After days of hearing arguments both for and against Obama’s healthcare reform law, the Supreme Court is working towards a June verdict to decide the Constitutionality of the legislation. New data from a CNN poll has revealed that the current opinion of nearly three-quarters of American adults is that some or all of the provisions will be overturned. Nearly one-third of respondents said they would like to see the law overturned in its entirety. A further 43 percent said they want to see some portion of the bill’s provisions overturned while the remaining 23 percent responded that they want the law to remain in its current form.
An unexpected finding in the survey proved contradictory to many predictions that healthcare reform would play a large role in the upcoming presidential election. In fact, over three-quarters of respondents reported that the Supreme Court’s ruling would play no role in their voting behavior. The remaining 24 percent were evenly split when reporting whether they would be more or less likely to vote for President Obama.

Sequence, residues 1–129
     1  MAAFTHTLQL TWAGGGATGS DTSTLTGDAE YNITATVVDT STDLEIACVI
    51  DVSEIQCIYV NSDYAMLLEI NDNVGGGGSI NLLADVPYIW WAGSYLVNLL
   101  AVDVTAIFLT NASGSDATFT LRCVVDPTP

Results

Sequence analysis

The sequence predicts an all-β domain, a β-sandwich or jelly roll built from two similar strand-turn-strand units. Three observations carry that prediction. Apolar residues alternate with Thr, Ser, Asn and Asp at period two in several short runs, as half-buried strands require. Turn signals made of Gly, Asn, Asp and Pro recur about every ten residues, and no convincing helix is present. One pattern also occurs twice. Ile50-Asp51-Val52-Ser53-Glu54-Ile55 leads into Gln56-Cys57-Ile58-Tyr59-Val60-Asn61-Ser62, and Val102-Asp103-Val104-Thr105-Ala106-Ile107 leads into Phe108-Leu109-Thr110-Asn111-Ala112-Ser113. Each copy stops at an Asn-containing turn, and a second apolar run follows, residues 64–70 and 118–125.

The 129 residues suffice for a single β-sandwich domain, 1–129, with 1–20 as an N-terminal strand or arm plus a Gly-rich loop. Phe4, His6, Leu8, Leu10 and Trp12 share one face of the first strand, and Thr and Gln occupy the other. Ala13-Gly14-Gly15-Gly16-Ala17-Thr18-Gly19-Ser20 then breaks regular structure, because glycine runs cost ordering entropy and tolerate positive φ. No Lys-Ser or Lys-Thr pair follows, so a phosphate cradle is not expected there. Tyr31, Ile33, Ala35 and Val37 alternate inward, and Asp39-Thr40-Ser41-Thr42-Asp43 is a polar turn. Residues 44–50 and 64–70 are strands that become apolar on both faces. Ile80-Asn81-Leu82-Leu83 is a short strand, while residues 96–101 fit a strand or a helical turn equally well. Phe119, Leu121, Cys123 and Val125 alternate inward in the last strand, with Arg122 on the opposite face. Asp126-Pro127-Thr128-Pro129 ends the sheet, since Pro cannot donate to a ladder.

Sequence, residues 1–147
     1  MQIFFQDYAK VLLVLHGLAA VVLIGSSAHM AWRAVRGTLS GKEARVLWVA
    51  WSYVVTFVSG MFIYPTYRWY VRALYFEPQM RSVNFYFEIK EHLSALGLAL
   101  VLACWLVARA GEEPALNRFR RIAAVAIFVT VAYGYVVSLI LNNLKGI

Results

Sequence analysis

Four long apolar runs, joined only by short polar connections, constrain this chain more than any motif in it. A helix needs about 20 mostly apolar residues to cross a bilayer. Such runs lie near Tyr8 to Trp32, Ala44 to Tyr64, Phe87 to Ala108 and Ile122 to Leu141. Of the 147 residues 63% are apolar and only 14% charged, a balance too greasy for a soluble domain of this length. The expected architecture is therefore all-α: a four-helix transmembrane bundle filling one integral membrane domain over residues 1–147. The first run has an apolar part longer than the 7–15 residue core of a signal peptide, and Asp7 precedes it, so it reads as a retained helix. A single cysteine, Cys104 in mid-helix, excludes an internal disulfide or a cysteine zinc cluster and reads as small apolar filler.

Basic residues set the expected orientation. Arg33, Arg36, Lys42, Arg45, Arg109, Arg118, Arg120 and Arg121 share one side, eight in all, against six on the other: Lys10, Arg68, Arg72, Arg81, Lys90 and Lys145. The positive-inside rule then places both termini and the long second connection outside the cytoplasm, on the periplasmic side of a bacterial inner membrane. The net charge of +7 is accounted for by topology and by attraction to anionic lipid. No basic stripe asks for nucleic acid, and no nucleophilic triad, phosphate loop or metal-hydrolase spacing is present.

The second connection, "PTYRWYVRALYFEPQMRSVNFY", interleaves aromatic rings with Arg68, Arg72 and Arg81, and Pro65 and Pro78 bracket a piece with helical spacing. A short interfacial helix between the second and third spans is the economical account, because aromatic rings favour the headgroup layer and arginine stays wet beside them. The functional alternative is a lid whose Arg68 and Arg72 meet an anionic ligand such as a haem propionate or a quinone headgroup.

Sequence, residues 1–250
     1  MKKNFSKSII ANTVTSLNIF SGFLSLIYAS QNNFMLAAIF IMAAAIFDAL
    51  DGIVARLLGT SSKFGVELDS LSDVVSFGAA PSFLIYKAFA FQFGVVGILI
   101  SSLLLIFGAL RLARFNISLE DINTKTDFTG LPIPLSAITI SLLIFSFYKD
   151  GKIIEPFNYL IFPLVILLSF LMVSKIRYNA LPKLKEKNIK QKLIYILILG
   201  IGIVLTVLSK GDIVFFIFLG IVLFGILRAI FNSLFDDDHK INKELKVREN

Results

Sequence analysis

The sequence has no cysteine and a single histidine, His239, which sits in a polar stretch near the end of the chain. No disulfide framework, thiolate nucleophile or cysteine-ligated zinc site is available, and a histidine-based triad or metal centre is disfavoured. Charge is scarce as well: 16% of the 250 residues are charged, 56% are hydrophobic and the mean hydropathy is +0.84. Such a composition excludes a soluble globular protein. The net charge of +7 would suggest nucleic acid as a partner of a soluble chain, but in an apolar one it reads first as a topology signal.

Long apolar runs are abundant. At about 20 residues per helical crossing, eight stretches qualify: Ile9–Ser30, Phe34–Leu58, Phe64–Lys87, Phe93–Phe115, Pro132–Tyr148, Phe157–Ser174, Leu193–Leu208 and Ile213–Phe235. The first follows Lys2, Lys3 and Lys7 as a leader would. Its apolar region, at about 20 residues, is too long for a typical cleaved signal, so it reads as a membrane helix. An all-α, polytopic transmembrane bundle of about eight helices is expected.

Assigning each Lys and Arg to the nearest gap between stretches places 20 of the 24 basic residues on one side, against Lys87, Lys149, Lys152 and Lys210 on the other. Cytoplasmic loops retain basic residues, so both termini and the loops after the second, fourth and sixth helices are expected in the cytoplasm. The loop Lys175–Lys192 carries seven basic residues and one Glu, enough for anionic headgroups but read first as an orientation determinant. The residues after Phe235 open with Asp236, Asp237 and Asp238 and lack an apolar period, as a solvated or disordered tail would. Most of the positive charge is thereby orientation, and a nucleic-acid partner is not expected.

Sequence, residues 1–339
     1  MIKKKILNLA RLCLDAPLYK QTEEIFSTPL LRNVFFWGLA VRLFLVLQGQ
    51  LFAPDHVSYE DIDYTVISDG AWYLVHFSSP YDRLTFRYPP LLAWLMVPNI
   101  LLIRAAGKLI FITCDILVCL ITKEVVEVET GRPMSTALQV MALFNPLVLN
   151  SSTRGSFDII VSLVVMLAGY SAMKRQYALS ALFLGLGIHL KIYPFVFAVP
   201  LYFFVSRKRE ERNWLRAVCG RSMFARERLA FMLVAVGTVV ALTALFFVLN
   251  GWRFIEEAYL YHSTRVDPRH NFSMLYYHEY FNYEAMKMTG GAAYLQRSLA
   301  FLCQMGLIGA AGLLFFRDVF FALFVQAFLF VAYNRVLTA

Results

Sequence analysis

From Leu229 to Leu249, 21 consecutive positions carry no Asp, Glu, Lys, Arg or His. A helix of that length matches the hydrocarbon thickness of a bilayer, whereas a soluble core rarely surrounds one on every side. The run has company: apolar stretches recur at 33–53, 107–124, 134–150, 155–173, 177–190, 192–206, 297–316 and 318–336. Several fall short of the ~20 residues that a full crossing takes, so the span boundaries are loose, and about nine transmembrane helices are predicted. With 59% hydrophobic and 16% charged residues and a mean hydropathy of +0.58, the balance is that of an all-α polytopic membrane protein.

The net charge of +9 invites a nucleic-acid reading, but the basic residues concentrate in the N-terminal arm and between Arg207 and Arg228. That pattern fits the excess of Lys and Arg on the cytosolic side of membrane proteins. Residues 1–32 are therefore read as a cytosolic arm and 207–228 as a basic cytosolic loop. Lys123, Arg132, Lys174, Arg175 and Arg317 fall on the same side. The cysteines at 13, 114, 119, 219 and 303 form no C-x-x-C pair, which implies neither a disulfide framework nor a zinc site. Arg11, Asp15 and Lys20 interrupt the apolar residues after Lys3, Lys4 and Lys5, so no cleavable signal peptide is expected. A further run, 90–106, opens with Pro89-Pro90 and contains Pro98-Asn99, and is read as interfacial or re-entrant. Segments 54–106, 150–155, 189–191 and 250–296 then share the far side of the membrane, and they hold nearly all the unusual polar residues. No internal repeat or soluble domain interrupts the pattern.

Other data collected during the survey included:
- Half of Americans are against the law in its entirely ( a 6 point decrease from November), while 43 percent favor it (up from 38 percent in November).
- Over one-third of those who said they completely oppose the law did so because it is “too liberal,” while 10 percent said the law is not liberal enough.
- All told, more women support the bill than men.
- A slight majority (51 percent) are against the individual mandate while 47 percent are for it. More men oppose this measure than women.
- Half of respondents said that the decisions by the individual court judges will be based on their political ideologies while 46 percent believe that the verdict will be based on objective considerations.